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Back in the saddle...

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  • oldtriumphguy
    Hi all, After many years of being away from motorcycles, I am now the proud owner of a 2001 sunset red bbbb with 5,500 miles on the odometer. My last bike was
    Message 1 of 6 , Jul 3 8:35 AM
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      Hi all,

      After many years of being away from motorcycles, I am now the proud
      owner of a 2001 sunset red bbbb with 5,500 miles on the odometer.

      My last bike was a 1969 Bonneville which I owned through 1975. It was
      a wonder, and I spent many adventureous and pleasant miles on it,
      including a long and very memorable trip through the southern
      Colorado rockies during the oil crisis of 1973. I had a duffle bag
      strapped to the front of a sissy bar (remember those) and a 2 gallon
      gas can strapped to the rear of the bar. Not smart, but I was young
      and gas lines were long. I sold the bike during a period of financial
      stress and always wanted another, but school, career development,
      home construction, marriage, kids, etc. all got in the way (some of
      you may know this drill). Also, the Bonnie was like owning a
      helicopter: it seemed I spent as many hours maintaining the thing as
      riding it! I was forever filing and adjusting the points and
      adjusting the carbs (the slides were worn and loose in the barrels).

      Anyway, my middle age crisis struck, and I began researching bikes to
      buy. This research convinced me that a TT was the way to go, and
      this group, which I have been following for a few months, helped me
      immeasurably in this effort. I bought mine sight unseen (in fact I
      had never seen a Trophy in person, only in pictures). My only
      lingering doubt concerns the worry about owning a helicopter again,
      something that postings from this group has not entirely alleviated.

      So, now I have this Trophy, and it is fantastic! Such power and
      smoothness! And beauty! I have wondered, though: why so many gears
      and so close together; four would have been plenty given the broad
      torque range. And who designed that seat? My child-producing days
      are behind me, yet I want to keep my jewels. Taking a suggestion
      from a member's post to this group, I'm leaning towards resculpting
      the foam to make it a little lower, flatter, and wider, and not lean
      forward. If that doesn't work I'll revisit past postings of this
      group and purchase an aftermarket seat. I have already installed
      Genmar risers. The stock windshield seems fine, as I am 5'10" and the
      wind blast hits me near the top of the helmet. I have never ridden a
      bike with a windshield before; it (and the fairing)is great.

      My only problem so far: the left front turn signal works
      occasionally, but not usually, even though the bulb is good. When it
      is not working, the left rear signal flashes twice as fast. Bad
      ground or supply water?

      Well, thanks for suffering through this long opening post. And thanks
      to all of you, through your prior postings, for your help.
    • malcpowe@aol.com
      Welcome to the fold ! Malcolm [Non-text portions of this message have been removed]
      Message 2 of 6 , Jul 3 11:35 AM
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        Welcome to the fold !

        Malcolm


        [Non-text portions of this message have been removed]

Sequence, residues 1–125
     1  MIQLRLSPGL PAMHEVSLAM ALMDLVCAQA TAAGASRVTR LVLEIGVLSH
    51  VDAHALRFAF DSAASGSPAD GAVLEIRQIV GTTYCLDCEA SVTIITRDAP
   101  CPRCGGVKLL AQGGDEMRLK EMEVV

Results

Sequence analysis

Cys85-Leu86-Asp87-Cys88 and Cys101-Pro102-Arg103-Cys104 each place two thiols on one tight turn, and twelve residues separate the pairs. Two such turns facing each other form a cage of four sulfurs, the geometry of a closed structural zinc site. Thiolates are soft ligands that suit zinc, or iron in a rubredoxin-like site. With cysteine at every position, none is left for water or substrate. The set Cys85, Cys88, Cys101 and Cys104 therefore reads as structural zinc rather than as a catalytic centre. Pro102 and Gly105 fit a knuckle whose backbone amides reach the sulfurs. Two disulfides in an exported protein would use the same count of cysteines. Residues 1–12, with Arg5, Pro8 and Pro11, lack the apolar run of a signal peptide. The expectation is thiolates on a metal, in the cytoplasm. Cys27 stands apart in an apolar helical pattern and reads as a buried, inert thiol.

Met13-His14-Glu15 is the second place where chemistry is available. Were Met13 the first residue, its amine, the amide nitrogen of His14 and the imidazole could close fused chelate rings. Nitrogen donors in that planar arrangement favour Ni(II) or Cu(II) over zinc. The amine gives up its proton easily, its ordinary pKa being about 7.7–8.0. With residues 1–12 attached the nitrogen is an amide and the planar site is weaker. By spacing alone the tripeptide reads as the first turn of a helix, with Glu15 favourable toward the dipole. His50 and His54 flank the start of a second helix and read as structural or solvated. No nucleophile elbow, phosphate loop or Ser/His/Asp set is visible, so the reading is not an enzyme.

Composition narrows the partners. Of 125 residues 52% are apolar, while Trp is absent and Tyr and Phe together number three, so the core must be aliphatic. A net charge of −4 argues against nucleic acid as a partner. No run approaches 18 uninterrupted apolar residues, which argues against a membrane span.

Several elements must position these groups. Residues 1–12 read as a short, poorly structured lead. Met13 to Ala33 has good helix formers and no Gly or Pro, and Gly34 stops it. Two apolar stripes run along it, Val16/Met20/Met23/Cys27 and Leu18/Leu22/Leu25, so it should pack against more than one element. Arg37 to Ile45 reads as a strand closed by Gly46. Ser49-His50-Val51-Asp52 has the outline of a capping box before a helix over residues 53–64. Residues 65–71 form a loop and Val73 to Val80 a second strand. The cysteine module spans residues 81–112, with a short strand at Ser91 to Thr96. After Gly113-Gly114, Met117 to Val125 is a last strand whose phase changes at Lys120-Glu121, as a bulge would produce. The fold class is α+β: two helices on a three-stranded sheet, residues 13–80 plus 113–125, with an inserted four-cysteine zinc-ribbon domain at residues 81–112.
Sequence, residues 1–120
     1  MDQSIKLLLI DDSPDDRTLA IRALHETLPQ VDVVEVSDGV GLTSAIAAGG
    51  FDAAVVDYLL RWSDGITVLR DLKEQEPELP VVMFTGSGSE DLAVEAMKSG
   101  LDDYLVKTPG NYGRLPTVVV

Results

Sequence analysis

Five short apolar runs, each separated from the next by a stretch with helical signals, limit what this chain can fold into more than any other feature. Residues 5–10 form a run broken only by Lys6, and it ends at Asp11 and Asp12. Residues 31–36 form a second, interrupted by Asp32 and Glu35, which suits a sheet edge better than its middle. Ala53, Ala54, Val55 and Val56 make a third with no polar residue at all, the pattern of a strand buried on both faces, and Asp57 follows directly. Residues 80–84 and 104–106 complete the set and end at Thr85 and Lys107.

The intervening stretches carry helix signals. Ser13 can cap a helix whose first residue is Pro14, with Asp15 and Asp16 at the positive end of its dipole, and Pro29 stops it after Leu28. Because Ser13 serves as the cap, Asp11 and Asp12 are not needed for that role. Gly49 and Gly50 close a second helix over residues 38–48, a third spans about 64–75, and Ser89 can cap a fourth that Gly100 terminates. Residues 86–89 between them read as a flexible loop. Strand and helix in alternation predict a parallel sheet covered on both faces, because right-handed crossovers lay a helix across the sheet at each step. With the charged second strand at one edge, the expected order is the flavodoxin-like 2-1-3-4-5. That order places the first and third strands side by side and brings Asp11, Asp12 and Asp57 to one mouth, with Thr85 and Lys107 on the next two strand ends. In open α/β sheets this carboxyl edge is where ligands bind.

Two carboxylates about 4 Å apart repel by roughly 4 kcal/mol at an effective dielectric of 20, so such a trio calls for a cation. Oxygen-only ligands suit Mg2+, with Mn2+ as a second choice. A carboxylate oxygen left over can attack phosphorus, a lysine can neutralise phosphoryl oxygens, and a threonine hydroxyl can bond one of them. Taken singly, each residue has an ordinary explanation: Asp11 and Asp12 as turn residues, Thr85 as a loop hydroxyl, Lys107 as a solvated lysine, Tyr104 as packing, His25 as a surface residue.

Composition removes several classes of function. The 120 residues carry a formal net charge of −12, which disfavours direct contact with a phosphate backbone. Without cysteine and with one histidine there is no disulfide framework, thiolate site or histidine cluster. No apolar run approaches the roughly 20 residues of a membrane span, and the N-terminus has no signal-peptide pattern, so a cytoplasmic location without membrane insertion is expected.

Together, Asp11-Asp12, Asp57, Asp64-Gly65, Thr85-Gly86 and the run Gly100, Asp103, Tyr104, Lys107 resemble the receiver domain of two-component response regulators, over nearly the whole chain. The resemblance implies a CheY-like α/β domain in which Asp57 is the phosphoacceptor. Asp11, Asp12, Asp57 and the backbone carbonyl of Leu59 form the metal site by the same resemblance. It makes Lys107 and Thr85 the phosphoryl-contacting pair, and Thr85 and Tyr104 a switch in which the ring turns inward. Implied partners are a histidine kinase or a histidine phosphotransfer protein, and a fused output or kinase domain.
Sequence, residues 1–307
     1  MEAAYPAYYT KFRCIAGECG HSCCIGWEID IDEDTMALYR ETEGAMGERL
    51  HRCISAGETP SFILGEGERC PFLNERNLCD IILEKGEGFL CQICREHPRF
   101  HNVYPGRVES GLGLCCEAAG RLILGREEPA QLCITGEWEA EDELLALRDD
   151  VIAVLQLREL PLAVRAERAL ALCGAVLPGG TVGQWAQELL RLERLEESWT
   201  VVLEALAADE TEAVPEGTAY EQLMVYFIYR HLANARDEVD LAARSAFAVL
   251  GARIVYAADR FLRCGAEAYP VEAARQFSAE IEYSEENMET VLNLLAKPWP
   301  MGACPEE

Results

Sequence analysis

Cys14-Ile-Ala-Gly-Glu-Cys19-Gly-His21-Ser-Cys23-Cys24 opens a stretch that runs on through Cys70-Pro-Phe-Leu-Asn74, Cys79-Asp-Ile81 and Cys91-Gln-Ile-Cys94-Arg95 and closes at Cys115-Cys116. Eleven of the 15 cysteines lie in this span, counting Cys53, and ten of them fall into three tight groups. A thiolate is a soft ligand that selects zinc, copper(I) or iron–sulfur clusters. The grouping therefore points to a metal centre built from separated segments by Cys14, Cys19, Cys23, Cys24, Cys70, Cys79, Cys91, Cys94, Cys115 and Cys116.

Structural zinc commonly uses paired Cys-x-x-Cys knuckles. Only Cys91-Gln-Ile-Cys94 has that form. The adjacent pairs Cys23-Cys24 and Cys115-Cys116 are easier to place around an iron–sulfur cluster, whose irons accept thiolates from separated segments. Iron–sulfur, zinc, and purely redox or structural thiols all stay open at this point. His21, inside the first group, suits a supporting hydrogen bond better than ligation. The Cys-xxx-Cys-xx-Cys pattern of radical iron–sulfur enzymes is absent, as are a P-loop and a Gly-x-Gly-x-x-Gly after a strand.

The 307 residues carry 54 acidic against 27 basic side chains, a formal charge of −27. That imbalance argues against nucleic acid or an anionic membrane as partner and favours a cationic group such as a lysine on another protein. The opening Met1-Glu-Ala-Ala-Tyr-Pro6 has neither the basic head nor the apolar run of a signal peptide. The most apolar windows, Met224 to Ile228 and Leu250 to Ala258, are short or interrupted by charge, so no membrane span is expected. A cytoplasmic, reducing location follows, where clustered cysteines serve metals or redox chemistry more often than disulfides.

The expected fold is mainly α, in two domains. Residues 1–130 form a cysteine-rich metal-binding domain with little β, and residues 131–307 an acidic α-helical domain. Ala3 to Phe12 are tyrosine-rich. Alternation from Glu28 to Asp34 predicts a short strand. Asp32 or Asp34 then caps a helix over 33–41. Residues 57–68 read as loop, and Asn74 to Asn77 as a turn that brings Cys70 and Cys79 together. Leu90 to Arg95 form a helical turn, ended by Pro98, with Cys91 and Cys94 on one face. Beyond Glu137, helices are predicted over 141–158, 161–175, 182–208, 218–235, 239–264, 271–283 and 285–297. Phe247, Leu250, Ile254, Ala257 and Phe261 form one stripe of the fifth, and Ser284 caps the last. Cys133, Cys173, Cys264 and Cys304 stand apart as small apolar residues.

• Steve Wassenich
        ... Excellent! Welcome to the fold. ... It s a machine, and no machine is perfect. Those of us who don t have trouble with them don t say anything because
        Message 3 of 6 , Jul 3 1:53 PM
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          oldtriumphguy wrote:

          > After many years of being away from motorcycles, I am now the proud
          > owner of a 2001 sunset red bbbb with 5,500 miles on the odometer.

          Excellent! Welcome to the fold.

          > My only lingering doubt concerns the worry about owning a helicopter
          > again,
          > something that postings from this group has not entirely alleviated.

          It's a machine, and no machine is perfect. Those of us who don't have
          trouble with them don't say anything because we're afraid the bike
          might hear and get uppity!

          > The stock windshield seems fine, as I am 5'10" and the wind blast
          > hits me near the top of the helmet. I have never ridden a bike with a
          > windshield before; it (and the fairing)is great.

          Awhile back, a couple of years maybe, some of us came to the conclusion
          that Triumph designed the screen for the "average-size" male, who is
          5'10". If you're shorter than that, you get noise; if you're taller,
          you get noise and buffeting. Just think; you've saved yourself some
          money. The rest of us poor slobs have to buy something else or go
          deaf.

          Steve W.
        • Phil Smith
          oldtriumphguy wrote: Welcome to Trophy land. Try this with the turn signal. There are 2 wires to the front and the rear turn signals.
          Message 4 of 6 , Jul 3 3:21 PM
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            "oldtriumphguy" <oldtriumphguy@y...> wrote:

            Welcome to Trophy land.

            Try this with the turn signal.
            There are 2 wires to the front and the rear turn signals. At the
            connector to the main harness from the turn signal subcomponent,
            (under seat in the back cowling and under the front center fairing
            near the fork there is a small hole to route wire to the turn
            signal) there is a plastic quick disconnect. Where they separate,
            the metal pin connector on the rear signal on my bike sometime
            slides out the back of the plastic connector. Just check to see
            that the connection is a complete connection. Disconnected,
            corrosion, broken wire? The design is that if the front or back